Red Lodge Clay Center Long-Term Resident 2014-16
Jocelyn grew up in Chesapeake, VA. She discovered ceramics in 2005 in the mountains of NC near Asheville when she studied under Michael Sherrill. There, she had access to a strong community that helped form her thoughts about working as a craftsperson and artist in clay. For close to two years, Jocelyn worked as a studio assistant for various artists at Penland School of Crafts and spent time working at the Penland Gallery. She continued her education by pursuing Post-Baccalaureate work at University of Florida, and recently graduated with her MFA in Ceramics from Edinboro University of Pennsylvania. Her work was recently exhibited in Milwaukee at the NCECA Student Juried Show, and at the Erie Art Museum in Pennsylvania where she received a Juror’s Award from Juror Sergei Isupov. In January, she was invited to participate in the 2014 Ceramic Surface Forum at Arrowmont School of Arts and Crafts. Jocelyn is a former Long-Term Resident Artist at Red Lodge Clay Center. She is currently an Adjunct Professor of Ceramics at North West College in Powell, WY.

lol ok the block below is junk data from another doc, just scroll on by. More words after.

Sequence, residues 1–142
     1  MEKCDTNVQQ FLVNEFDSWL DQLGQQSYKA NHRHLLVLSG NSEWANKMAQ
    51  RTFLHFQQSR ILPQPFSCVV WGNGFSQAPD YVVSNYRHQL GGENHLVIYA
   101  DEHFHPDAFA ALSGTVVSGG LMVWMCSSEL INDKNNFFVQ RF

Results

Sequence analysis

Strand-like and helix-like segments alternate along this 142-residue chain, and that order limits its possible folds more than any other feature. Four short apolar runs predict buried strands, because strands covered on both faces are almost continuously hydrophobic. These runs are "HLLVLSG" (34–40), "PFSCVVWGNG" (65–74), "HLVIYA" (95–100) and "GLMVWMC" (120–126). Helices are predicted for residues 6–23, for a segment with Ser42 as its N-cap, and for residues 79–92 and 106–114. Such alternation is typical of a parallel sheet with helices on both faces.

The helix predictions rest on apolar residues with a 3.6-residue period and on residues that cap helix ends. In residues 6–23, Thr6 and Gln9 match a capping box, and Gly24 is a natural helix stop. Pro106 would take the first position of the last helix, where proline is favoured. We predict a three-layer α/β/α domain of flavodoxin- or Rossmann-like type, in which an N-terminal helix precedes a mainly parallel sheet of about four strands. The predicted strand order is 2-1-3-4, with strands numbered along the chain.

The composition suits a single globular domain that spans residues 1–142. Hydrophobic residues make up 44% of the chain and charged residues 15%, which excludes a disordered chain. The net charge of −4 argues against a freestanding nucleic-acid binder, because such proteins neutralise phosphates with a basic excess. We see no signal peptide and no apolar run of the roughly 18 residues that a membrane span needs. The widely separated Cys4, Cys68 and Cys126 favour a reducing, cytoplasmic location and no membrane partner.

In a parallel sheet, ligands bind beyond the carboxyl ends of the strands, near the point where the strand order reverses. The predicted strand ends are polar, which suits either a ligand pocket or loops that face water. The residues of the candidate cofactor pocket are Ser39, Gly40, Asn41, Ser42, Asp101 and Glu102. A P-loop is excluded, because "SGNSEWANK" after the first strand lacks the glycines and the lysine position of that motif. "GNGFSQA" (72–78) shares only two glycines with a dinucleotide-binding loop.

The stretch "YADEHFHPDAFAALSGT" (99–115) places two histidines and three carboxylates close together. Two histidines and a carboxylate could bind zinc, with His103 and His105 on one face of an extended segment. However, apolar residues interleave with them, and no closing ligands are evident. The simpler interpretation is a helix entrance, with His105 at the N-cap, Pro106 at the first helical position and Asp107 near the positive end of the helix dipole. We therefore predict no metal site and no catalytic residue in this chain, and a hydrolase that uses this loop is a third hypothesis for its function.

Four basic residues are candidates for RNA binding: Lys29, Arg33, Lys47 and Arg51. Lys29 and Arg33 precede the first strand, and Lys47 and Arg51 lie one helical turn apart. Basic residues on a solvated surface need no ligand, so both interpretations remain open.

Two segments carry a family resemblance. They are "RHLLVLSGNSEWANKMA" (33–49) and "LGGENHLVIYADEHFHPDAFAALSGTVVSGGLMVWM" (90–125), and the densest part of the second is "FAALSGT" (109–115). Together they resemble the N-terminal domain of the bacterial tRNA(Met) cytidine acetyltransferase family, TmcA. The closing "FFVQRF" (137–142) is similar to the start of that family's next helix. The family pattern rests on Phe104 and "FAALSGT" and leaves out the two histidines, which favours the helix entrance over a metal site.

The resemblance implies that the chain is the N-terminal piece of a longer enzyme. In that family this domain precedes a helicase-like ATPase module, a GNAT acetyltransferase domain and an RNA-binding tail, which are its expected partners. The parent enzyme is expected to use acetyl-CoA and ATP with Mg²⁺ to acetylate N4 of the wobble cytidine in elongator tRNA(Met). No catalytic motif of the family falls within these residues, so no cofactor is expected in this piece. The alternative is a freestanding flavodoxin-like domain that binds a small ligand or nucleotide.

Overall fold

I use the figure in my work as a vehicle for narratives that involve themes of sexuality, gender identity, religion, adulthood, and play, and I utilize fairy tale whimsy in order to reveal a deeper, sometimes darker struggle. Despite all the cracks and flaws in the human psyche, society teaches us to put on a veneer of adulthood and sophistication. In order to strip that veneer away, I use childhood objects to reveal a more primal nature. I present the figure as mismatched in order to showcase the collection of experiences that create each individual. Each circle of society demands a certain level of conformity, which we either accept or deny. As the result of a cocktail of experiences, we exist in a gray area vacillating back and forth between black and white. We present a carefully curated portion of ourselves to the world, but I seek to expose hidden complexities and struggles. In contrast to the demands of conformity, the internal truths of each person can create a sense of marginalized isolation. In the end, like the circus performer, each figure must either embrace or shrink from the anomalous feeling that comes with confronting their individuality.